mmol/L of sodium sulfate. At follow-up after three months to detect
    any serious adverse effects, 165 patients (94% male) were recruited
    into the study, 82 of whom (mean age, 60 years; range, 22-86) had
    taken the polyethylene glycol preparation. Of these, eight had failed
    to take the full 4 L, 12 reported faecal incontinence, and 21 reported
    sleep disturbances. A statistically significant greater number of
    complaints from younger patients about taste disturbance, nausea,
    fullness, and cramp was not attributed specifically to either
    preparation (Heymann et al., 1996).

         In the study of the renal clearance of sodium sulfate described
    in section 2.1.1, administration of two doses of 4.5 g sodium sulfate
    decahydrate in 100 ml water at an interval of 1 h had no adverse
    effects except for occasional loose stools (Morris & Levy, 1983).
    Similarly, in another study from the same laboratory, only a few
    instances of loose stools were reported by persons who took four doses
    of an aqueous solution of 4.5 g sodium sulfate decahydrate (Galinsky &
    Levy, 1984).  Case reports

         A 39-year-old woman who had attempted suicide by taking 40 g of
    barium carbonate was treated after gastric lavage with 60 g of sodium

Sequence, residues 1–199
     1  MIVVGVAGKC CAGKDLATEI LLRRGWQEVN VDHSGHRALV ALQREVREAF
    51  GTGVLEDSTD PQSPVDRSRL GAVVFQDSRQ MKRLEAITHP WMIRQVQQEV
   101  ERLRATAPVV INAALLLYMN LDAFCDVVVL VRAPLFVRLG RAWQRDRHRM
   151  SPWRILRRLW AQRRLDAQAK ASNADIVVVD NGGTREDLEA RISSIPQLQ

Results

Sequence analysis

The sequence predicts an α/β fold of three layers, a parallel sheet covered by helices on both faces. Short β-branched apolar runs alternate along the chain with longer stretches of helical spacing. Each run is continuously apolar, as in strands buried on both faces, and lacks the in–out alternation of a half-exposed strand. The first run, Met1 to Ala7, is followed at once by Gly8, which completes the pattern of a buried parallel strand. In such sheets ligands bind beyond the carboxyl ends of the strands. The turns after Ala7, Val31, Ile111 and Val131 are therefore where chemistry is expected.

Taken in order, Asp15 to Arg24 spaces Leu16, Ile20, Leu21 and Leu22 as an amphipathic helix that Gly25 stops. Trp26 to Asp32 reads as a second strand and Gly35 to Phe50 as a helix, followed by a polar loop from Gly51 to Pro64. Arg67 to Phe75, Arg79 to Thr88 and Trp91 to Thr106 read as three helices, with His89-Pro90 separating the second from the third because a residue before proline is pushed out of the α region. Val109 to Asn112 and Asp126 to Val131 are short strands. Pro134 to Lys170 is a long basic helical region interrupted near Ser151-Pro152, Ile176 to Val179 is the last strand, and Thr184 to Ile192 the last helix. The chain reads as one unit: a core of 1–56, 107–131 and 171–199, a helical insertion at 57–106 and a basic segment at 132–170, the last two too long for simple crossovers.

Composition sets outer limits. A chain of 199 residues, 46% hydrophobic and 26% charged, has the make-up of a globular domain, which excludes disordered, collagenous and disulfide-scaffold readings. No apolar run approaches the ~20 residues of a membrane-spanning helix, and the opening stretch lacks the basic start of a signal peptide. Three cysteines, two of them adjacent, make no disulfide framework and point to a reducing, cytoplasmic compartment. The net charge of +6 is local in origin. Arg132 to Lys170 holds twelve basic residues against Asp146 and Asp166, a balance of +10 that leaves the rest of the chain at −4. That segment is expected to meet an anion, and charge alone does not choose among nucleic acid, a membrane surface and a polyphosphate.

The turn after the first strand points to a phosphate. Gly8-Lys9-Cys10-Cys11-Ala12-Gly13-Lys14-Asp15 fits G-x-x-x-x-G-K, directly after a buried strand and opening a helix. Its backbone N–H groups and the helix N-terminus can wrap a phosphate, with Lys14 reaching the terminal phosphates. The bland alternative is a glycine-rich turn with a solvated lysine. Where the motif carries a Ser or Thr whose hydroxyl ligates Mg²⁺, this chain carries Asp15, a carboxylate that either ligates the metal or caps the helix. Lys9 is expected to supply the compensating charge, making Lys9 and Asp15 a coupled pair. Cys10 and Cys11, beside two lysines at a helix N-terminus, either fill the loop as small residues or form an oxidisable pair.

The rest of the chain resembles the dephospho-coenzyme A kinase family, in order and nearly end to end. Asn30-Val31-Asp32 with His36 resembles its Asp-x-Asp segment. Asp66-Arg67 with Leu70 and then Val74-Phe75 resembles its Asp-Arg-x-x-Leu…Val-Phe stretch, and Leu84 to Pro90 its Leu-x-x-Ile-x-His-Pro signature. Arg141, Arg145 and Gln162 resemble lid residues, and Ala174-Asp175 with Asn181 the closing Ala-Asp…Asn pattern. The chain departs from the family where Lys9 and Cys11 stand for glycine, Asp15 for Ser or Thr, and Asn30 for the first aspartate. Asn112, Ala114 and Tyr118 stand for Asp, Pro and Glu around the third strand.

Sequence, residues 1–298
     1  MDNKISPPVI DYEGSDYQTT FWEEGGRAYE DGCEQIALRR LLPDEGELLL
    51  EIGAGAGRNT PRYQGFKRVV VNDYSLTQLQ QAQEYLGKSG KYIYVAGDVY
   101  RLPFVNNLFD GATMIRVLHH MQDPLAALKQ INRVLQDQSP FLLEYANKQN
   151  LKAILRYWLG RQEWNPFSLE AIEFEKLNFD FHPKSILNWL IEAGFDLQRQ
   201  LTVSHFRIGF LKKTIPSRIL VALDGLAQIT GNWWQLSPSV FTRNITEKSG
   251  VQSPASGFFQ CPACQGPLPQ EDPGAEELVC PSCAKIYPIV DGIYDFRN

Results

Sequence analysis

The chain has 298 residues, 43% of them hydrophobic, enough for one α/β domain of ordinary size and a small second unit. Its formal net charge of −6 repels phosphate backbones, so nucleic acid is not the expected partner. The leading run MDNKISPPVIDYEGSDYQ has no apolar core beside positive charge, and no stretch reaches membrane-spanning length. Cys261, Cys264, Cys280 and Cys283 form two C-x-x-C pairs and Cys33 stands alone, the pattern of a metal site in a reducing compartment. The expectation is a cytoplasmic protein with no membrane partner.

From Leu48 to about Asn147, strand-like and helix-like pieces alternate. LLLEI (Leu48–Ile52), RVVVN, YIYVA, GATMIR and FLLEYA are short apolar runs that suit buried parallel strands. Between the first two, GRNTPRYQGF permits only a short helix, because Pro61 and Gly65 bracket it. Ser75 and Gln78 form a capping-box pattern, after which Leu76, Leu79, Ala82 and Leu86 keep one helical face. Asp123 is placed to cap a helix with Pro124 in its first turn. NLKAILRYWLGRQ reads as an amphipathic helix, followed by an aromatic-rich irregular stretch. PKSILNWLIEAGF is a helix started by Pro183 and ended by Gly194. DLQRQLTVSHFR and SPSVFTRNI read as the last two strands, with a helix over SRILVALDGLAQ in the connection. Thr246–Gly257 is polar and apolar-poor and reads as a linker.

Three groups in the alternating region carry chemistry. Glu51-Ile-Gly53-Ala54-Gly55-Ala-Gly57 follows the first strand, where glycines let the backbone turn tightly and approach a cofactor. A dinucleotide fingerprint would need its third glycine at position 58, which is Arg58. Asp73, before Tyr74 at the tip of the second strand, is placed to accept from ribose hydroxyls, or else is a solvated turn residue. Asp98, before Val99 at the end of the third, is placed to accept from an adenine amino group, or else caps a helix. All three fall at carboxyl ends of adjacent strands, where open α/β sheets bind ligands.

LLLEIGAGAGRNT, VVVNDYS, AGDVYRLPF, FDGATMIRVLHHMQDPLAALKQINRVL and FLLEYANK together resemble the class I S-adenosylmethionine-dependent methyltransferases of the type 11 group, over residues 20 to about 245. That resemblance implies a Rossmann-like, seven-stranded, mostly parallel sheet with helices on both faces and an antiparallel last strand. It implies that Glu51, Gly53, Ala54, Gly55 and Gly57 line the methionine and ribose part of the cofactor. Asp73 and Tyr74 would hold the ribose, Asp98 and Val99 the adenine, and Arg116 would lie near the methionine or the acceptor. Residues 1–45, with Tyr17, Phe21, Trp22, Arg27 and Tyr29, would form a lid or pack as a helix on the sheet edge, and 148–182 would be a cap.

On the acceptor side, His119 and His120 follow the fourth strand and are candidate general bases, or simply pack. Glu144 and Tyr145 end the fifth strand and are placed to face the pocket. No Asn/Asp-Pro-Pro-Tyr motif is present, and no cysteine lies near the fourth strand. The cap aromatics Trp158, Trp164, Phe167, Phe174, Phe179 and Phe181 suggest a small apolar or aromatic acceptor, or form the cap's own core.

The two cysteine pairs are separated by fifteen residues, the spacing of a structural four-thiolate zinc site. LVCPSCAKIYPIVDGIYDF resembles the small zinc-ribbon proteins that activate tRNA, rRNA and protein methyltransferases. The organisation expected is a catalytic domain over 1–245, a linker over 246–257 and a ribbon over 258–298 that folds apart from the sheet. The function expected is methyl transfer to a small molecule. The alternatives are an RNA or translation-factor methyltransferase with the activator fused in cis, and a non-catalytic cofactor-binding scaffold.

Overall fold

sulfate administered through a nasogastric tube and 2.5 g of magnesium
    sulfate intravenously. The subsequent development of progressive renal
    insufficiency was suggested to have been caused by precipitation of
    barium sulfate in the renal tubules (Phelan et al., 1984).

         A 45-year old woman with a history of coronary heart disease,
    thoracic aortic aneurysm, and multiple myocardial infarcts experienced
    exacerbation of her congestive heart failure after ingestion of a
    bowel preparation containing 240 g polyethylene glycol 3350, 23 g
    sodium sulfate, 6.7 g sodium bicarbonate, 5.9 g sodium chloride, and 3
    g potassium chloride reconstituted in 4 L of water and drunk at a rate
    of 240 ml every 10 min (Granberry et al., 1995).

         An 8.5-year-old girl with cystic fibrosis and associated
    disturbance of liver function became drowsy and had a hypoglycaemic
    convulsion after she ingested 1.2 L of a bowel-cleansing preparation
    based on polyethylene glycol 4000 and containing 40 mmol/L sodium
    sulfate over a period of 1 h (Shah et al., 1994).


         The Committee considered that the results of the published
    studies in experimental animals do not raise concern about the
    toxicity of sodium sulfate. The compound has a laxative action, which
    is the basis for its clinical use. The minor adverse effects reported
    after use of ingested purgative preparations containing sodium sulfate
    may not be due to the sodium sulfate itself.


         In the absence of any evidence of toxicity, the Committee
    allocated a temporary ADI 'not specified'1 in line with the
    principles established at its twenty-ninth meeting. The ADI was made